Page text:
There are more foreign spies in the west than ever before.
In the shadowy world of espionage there is no spy agency more legendary than Her Majesty's Secret Service. Founded over 100 years ago it has evolved into a global spying network. Better known by its old government identifier as MI6, the service didn't officially 'exist' till 1994. Today its modern headquarters, code-named VX, sit in the centre of London on the river Thames.
Made famous by the iconic James Bond stories the British Secret Service exudes an air of glamour and sexiness. The reality though is far more stark and brutal. With interviews from the major players in espionage we separate fact from fiction to reveal what the life of a spy is really like.
Former Chief of MI6, Sir John Scarlett, talks about what makes a good MI6 officer and how you handle double-agents. MI6 is renown for its skill at running agents and extracting information from the most sensitive of sources. This unique expertise is all thanks to the very first Chief of MI6, Mansfield Cumming. Cumming was an eccentric spymaster who would startle potential recruits mid interview by stabbing his wooden leg.
The Second World War sees the Secret Service achieve its greatest triumphs. The extraordinary Mavis Batey reveals her highly classified intelligence work. Part of a top-secret team of code-breakers she hacks into Enigma, the world's most secure encryption system, to listen into enemy war communications.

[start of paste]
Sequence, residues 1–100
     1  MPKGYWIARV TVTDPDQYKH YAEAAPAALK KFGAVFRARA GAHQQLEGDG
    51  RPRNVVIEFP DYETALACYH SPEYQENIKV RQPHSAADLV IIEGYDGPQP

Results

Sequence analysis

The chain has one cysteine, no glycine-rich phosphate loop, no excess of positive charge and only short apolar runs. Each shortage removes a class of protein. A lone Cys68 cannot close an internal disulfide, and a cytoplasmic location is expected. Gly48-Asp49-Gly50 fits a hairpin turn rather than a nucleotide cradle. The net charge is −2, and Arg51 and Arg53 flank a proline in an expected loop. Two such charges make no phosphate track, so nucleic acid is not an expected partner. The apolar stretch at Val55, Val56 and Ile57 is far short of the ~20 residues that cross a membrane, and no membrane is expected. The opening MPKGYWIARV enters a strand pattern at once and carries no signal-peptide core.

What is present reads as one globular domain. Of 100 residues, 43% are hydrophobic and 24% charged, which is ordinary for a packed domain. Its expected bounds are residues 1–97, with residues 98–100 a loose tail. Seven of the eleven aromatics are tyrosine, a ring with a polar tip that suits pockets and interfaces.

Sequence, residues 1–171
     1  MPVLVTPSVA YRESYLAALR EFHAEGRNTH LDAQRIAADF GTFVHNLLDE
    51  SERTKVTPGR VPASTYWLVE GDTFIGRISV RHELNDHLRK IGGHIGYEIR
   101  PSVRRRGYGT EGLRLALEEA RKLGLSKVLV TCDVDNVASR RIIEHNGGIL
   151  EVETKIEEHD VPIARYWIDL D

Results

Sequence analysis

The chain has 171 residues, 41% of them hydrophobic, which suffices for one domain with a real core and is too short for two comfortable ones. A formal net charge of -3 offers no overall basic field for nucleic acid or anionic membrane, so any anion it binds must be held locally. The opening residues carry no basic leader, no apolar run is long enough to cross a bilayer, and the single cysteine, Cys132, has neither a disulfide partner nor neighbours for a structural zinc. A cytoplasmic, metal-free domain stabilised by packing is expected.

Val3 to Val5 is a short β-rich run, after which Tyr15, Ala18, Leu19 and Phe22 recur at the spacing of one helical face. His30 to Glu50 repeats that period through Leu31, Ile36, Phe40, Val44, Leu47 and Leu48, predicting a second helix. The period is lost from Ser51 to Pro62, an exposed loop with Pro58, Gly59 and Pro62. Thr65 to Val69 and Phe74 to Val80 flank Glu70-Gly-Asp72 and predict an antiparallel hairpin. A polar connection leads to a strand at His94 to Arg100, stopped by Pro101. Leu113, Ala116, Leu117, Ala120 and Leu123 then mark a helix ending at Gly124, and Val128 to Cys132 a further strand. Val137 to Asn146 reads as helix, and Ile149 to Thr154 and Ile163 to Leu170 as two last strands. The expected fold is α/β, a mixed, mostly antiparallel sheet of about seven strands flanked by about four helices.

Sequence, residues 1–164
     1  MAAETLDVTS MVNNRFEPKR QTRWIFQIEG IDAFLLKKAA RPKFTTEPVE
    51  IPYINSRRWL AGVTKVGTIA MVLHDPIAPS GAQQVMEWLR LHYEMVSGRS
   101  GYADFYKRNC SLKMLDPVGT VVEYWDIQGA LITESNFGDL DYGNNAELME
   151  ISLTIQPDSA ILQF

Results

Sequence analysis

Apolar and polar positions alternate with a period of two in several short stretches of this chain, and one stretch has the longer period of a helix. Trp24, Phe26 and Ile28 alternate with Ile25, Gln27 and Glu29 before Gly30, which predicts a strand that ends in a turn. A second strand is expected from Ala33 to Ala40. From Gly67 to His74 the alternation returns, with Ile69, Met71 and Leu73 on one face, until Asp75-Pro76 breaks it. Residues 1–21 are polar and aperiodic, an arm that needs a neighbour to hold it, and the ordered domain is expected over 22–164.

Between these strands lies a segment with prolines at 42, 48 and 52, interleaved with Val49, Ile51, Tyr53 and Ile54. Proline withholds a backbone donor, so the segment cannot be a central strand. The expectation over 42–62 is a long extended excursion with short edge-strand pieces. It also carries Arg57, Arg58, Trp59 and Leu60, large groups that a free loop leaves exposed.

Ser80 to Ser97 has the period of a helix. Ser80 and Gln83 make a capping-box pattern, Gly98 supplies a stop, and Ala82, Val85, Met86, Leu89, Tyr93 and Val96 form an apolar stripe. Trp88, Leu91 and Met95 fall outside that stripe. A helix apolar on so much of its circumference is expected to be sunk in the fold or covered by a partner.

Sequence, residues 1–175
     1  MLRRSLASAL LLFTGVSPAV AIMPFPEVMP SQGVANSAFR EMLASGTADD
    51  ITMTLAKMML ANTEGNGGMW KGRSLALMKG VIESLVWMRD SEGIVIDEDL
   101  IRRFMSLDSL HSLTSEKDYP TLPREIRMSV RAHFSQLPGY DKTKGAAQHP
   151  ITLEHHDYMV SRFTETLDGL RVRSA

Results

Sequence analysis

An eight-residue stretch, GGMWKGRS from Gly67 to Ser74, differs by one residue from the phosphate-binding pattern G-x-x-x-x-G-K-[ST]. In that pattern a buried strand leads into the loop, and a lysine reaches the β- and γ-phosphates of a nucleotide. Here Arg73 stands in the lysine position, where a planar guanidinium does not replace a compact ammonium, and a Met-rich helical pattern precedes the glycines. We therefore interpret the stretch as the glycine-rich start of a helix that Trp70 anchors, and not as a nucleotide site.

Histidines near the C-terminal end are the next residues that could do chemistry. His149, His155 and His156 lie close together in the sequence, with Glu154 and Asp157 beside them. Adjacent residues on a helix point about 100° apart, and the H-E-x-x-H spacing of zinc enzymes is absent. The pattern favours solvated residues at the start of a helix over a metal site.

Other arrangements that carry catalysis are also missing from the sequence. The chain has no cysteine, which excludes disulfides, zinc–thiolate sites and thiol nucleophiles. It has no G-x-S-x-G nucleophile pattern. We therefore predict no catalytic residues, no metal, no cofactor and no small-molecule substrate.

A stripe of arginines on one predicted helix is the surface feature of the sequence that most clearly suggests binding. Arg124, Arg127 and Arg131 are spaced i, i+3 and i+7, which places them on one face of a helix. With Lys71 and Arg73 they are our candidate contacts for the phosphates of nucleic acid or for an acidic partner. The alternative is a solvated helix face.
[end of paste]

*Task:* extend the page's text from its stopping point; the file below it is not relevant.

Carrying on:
For years MI6 has been recruiting officers from within the upper classes. This misplaced confidence in the loyalty of British gentlemen would prove disastrous when the KGB manage to persuade some of these elite few to spy for the Russians.
In 1978 MI6 is dealt another blow when a Bulgarian dissident is assassinated in broad daylight by a poison pellet fired from an umbrella. The KGB is suspected but the killer isn't caught.
Finally in the 1980s the tide turns and MI6 land their most important KGB double-agent of the Cold War. Oleg Gordievsky is working at the Soviet Embassy in London but is secretly meeting MI6 officer John Scarlett to divulge Russian intelligence. Gordievsky recalls how close the world came to nuclear war in 1983 when the Soviets mistook a NATO exercise for a real attack.
The secret missions and the covert operations are all laid bare. We expose the cunning games of cat and mouse and the dangers and deceptions involved in a life of espionage. This is the reality of Her Majesty's Secret Service.